Doctors often get asked about driving. There’s no fixed time period to return to doing this. For most patients it’s around the two-week mark, but you have to be safe to perform an emergency stop and have to ensure your insurance company is satisfied with your level of recovery and gives you the all-clear to return to driving.
The recovery period is governed by the size and nature of the abdominal wall problem being addressed. This mostly effects mobility and comfort. A large improvement in physical recovery usually occurs over the first two-week period with 85% activity regained by 6 weeks.
Most patients can light lift (a full kettle) and drive by two weeks. Recuperation very much resembles the cartoon: ‘evolution of man’ with full upright standing by 6 weeks (or sometimes earlier). In this scenario, lifting small children should be restricted to ‘when-seated only’ for 6 weeks, thus not engaging the core musculature in extension.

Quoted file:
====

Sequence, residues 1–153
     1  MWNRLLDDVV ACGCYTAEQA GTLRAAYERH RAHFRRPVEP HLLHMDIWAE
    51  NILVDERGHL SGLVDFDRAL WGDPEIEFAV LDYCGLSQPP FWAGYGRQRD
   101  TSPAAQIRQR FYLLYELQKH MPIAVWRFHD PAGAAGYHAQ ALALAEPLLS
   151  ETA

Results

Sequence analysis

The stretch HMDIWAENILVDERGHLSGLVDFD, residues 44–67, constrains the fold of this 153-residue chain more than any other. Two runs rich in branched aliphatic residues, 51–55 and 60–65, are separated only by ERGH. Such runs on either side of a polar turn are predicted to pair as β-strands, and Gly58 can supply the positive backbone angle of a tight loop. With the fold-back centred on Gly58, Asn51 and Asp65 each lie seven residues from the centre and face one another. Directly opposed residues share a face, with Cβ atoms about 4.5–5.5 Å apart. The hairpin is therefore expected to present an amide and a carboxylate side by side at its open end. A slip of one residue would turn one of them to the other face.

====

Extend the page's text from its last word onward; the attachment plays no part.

Following the first 6 weeks, gradual introduction of heavy lifting and gym work is recommended. Physiotherapy supervision and/or low impact core exercise are advised in the initial phase.
Sexual activity can be reintroduced, as comfort allows and at your discretion, but be advised that no significant physical exertion or stressing of the abdominal wall should take place for the first six weeks.
The cosmetic result will not be fully evident for at least three months, once all the soft tissue swelling has resolved. Small asymmetries are inevitable as the body is inherently asymmetric and occasionally surgery unmasks asymmetries or makes them more obvious. Scar maturation occurs during the first year following surgery. Your genetics determine ultimate scarring but several manipulations combine to help the end result. Usually after 9-12 months the result is clear. A separate scar management leaflet will be given to you.
Lastly, I will ask my anaesthetist to liaise with you over the telephone so that they can answer any questions you may have about the anaesthetic. You may also need a pre-operative assessment prior to the surgery with blood tests and bacteriology swabs.